Saturday, April 28, 2012

Book Review : The Time of My Life by Denis Healey (Penguin 1990)

When one thinks of Denis Healey, one tends to remember a rumbustious character who never shied away from a confrontation, and whose troubled Chancellorship included inflation of 27%, interest rates of 15%, industrial strife and an IMF bailout. What is less familiar is the lover of poetry and theatre, the fluent linguist who broadcast on BBC World Service in French, Italian and German,who made deep and lasting friendships with so many people in so many walks of life around the world. In this splendid political autobiography, Healey attempts to put the record straight, and prove that there was more to him than the political bruiser that he was often taken for.

There is an element of self-justification in how he presents his time in office, but in his biggest battles history looks quite favourably on the outcomes he achieved. His first love was International Affairs, and one senses that the fact that the Foreign Secretaryship eluded him was a cause for regret. As defense secretary he oversaw Britain's withdrawal from unsustainable commitments East of Suez, whilst maintaining a nuclear deterrent with a degree of independence from the United States.

As Chancellor, he claims that if treasury PSBR forecasts had been accurate, he needn't have had to go cap in hand to the IMF - and indeed the loan was repaid by the time that Healey left office. After the traumas of 1975 and 1976 the economy had been dramatically turned round. By 1977, the Balance of Payments was positive, the pound was worth more than $2, interest rates had fallen to 5% and both inflation and unemployment were falling.Yet from that unnaturally propitious position, Callaghan's government persisted with an income policy too far, and the result was the Winter of Discontent. Healey is understandably scathing on the asinity and self-interest of  Union chiefs such as  Moss Evans and Clive Jenkins, who failed to show the leadership of their predecessors and whose dogmatism and lack of foresight indirectly led to twelve years of Thatcherism.One of the great pleasures of this book is its incisive pen-portraits - Jack Jones, Hugh Scanlon and Vic Feather are accorded deep respect, but his scorn for those implicated in Labour's implosion following their loss in 1979 is withering.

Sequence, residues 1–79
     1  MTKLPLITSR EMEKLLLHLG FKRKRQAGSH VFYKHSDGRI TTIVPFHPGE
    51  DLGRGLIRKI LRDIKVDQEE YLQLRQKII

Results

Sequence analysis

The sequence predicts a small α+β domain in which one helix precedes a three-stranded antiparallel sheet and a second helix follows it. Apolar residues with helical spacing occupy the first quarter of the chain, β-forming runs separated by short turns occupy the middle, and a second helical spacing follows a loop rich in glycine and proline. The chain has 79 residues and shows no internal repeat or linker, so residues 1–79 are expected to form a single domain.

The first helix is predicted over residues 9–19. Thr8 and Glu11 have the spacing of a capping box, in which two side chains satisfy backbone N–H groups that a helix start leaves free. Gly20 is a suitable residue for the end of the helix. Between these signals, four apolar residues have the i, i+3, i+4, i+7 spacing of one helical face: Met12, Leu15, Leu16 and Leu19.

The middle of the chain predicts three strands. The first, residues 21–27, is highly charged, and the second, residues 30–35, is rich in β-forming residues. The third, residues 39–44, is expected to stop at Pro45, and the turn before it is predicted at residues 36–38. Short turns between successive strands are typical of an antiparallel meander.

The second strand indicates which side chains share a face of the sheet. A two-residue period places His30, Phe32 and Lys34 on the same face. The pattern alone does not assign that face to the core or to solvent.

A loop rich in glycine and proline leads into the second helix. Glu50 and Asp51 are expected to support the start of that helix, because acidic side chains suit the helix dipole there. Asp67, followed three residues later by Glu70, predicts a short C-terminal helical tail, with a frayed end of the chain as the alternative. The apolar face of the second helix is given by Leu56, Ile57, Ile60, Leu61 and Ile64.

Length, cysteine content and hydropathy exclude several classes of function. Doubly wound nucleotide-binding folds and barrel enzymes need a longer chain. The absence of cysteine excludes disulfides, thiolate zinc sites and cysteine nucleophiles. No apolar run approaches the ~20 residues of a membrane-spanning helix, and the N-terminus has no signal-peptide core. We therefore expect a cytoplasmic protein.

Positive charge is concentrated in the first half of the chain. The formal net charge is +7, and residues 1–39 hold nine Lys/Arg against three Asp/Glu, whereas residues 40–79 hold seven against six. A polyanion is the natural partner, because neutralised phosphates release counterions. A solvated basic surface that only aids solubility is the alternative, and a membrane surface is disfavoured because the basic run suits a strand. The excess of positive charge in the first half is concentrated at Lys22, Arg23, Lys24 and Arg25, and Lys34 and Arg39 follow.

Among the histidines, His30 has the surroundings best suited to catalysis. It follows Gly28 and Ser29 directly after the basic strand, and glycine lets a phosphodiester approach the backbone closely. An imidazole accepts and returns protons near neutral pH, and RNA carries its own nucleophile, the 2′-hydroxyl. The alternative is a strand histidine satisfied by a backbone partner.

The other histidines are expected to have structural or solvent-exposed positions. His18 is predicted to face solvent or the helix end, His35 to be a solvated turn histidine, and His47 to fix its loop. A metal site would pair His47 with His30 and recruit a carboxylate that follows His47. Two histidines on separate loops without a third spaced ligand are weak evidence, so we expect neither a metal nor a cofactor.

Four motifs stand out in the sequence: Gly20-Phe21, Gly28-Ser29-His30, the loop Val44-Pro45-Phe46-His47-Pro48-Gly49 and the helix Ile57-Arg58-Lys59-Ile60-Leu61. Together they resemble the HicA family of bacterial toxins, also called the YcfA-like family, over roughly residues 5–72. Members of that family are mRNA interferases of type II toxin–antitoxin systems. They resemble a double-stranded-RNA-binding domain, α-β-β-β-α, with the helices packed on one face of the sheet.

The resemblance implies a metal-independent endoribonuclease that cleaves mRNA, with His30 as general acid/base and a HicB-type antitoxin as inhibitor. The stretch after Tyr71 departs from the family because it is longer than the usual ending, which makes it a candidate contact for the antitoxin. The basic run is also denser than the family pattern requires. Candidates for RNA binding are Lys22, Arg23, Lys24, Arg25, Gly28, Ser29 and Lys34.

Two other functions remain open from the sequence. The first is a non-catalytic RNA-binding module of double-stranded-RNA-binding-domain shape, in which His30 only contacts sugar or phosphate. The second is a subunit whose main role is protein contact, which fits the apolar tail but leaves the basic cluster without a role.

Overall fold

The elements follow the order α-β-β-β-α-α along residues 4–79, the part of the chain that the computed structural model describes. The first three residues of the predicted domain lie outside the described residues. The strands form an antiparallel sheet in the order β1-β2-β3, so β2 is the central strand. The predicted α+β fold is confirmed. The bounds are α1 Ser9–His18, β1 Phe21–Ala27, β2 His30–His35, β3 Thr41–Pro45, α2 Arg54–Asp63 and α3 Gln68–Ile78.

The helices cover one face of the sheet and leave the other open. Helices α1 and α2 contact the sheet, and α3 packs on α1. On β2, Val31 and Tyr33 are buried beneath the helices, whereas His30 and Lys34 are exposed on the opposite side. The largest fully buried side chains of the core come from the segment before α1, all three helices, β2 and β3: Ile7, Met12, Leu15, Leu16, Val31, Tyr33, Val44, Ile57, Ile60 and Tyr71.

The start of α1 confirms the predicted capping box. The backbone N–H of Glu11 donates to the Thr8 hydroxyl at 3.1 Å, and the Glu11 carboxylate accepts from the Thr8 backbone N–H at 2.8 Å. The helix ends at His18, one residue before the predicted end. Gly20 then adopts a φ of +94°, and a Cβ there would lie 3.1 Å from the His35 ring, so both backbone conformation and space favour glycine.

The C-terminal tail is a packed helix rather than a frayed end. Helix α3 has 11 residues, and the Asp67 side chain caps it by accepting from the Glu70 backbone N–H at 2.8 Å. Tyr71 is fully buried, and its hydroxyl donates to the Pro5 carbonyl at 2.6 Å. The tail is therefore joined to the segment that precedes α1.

This great pleasure of this book is to accompany such a warm and engaging companion through his rise from a relatively humble background through Balliol and up through the ranks of the Labour party to the highest offices of state. His perspective from the inside of negotiations with the likes of the Americans on nuclear detterence, is eye-opening, his analysis of the events in which he was involved acute. Yet it is the characters that he has met which make this book special, many names with which one won't be familiar but all described with a warmth when deserved and a brutal dismissal when not. Everyone knows his description of Geoffrey Howe - who he liked and respected- from the House of Commons, yet not nearly as savage as his dismissal of his old foe Tony Benn in this book: "It is ironic that Tony Benn's ministerial career should have left only two monuments behind - the uranium mine in Namibia that he authorised as Energy Secretary which helps to support apartheid...and an aircraft [Concorde] which is used by wealthy people on their expense accounts, whose fairs are subsidised by much poorer taxpayers." Like the man himself, insightful, uncompromising but ultimately fair.

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